Investigating Iranian Professors' Roles and Their Critical Thinking Abilities

Farima Talebi, Sara Shirmohammadi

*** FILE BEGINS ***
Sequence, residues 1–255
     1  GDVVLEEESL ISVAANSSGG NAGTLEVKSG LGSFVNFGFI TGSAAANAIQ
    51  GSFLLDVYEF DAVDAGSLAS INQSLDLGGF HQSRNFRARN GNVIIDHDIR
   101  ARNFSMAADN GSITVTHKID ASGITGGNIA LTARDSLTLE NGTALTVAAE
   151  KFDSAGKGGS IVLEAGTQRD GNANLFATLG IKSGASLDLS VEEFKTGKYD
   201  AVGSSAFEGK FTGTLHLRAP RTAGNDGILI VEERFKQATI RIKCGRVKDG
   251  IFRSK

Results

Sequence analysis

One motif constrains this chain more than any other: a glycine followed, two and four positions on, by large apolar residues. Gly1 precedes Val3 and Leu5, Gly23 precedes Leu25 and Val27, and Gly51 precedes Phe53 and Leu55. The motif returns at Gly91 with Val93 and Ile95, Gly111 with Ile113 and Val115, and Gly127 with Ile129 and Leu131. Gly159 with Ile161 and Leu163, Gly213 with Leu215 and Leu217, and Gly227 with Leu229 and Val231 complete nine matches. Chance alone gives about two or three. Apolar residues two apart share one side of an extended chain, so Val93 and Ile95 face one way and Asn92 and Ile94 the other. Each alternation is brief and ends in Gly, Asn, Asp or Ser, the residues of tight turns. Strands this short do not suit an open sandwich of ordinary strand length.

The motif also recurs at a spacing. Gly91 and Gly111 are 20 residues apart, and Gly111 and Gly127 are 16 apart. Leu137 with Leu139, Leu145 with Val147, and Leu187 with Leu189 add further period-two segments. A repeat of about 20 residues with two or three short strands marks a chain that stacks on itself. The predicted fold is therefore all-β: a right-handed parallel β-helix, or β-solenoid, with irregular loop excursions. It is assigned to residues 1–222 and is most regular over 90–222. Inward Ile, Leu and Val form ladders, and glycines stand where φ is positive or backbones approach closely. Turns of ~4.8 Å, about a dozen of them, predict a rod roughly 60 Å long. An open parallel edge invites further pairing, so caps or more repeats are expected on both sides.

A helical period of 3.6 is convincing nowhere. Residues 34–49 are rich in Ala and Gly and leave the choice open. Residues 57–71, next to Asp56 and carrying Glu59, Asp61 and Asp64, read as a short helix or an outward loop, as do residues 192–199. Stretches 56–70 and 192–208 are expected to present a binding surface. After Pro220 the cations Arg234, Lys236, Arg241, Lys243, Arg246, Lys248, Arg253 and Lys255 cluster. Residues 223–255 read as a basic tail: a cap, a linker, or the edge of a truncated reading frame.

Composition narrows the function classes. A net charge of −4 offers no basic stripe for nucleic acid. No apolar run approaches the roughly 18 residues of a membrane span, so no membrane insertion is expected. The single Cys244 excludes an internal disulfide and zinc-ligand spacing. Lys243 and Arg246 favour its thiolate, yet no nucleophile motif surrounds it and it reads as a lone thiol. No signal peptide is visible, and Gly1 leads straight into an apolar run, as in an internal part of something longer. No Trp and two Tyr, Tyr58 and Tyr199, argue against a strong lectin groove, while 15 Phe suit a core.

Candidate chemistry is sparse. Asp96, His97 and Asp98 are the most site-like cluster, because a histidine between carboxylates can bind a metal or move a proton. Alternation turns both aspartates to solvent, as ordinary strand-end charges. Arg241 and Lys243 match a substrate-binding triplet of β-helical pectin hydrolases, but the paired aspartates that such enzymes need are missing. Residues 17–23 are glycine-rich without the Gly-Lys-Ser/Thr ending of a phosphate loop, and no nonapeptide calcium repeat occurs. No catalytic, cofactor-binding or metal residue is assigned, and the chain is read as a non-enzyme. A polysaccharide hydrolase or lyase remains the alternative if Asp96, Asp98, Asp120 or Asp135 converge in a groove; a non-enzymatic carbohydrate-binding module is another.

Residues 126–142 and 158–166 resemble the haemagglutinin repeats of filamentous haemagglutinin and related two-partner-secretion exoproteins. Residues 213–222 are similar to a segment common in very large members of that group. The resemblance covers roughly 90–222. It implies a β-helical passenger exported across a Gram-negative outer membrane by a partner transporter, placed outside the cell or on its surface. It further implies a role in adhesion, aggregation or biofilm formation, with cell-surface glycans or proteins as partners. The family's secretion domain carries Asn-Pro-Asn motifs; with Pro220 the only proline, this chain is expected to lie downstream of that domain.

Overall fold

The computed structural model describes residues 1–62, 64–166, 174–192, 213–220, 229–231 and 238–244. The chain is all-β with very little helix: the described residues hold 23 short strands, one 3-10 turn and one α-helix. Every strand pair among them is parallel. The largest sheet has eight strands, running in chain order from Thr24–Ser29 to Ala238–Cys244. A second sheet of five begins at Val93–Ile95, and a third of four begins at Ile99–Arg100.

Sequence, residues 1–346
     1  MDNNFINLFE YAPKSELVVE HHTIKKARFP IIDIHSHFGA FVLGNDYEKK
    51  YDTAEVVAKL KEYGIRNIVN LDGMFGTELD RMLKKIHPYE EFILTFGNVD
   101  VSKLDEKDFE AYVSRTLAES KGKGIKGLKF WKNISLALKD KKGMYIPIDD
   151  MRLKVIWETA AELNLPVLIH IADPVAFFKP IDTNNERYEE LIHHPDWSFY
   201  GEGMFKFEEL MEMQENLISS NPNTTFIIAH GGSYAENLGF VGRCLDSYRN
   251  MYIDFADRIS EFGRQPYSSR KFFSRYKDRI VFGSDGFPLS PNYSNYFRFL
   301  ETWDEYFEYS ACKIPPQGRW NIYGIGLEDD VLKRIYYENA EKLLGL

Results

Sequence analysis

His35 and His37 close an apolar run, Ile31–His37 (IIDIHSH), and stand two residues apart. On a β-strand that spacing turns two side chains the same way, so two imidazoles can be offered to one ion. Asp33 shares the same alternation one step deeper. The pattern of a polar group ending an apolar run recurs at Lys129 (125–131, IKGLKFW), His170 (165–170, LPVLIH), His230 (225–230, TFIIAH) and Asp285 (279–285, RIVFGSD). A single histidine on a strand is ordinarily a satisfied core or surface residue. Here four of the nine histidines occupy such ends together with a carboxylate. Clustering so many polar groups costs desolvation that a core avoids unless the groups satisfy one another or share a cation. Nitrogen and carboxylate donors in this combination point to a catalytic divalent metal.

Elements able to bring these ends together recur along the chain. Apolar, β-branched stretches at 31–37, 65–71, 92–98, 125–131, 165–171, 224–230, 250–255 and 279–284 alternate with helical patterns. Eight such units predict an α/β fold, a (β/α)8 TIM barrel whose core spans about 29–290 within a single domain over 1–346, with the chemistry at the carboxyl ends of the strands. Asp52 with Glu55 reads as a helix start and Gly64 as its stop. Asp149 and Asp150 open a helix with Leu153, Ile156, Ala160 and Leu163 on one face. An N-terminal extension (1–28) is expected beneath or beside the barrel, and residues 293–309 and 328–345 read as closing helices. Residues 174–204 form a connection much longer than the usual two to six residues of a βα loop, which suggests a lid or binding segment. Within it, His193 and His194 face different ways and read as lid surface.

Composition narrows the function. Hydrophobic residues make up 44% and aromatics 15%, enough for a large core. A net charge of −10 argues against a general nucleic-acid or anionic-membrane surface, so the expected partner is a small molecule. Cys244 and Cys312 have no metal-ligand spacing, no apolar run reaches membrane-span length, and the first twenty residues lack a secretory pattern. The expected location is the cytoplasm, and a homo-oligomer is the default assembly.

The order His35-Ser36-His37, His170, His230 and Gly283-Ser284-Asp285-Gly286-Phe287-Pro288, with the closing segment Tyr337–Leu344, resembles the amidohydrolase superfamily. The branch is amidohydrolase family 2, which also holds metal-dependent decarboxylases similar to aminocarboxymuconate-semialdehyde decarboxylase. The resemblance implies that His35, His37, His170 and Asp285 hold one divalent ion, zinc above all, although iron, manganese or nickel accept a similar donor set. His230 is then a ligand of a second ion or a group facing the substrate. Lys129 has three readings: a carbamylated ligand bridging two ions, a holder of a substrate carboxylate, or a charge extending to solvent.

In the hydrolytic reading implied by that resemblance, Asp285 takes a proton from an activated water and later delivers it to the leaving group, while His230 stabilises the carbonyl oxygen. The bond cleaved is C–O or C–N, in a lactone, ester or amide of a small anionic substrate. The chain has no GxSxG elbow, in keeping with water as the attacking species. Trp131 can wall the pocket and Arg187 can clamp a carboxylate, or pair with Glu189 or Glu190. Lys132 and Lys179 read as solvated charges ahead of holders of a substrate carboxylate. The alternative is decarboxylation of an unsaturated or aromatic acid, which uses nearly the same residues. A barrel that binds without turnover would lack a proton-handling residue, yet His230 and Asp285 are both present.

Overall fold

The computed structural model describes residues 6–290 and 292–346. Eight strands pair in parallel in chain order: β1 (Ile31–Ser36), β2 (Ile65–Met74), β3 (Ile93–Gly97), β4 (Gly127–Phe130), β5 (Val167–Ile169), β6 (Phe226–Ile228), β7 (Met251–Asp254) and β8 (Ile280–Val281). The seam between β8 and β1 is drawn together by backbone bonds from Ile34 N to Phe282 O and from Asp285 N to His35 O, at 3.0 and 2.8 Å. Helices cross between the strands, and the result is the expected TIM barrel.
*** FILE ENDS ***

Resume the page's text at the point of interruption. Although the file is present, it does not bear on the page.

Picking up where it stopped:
In any instructional program, the most influential factor influencing the students’ level of achievement is the teacher (Rama, 2011). This study aimed at examining whether there is a significant difference among the critical thinking mean scores of the professors who adopt the animator, author, or principal role. Goffman (1981) stated that an animator is someone who reads aloud from a text; an author is someone who paraphrases the statements, and a principal is someone who expresses his/her own ideas. To achieve the study goal, a group of 30 professors teaching English was selected, and their students (N=328) were given metaphor checklist in order to choose the metaphors that best characterized the role of each professor. Furthermore, the professors’ critical thinking abilities were measured through Watson-Glaser Critical Thinking Appraisal test. This was done to find out whether the professors taking on the animator, author, or principal role differ significantly regarding their critical thinking skills. The result of one-way ANOVA indicated that the critical thinking mean score of the professors taking on the principal role is significantly higher than those adopting the animator or author role. The results offer implications and suggestions for the pedagogical consideration within the university context.

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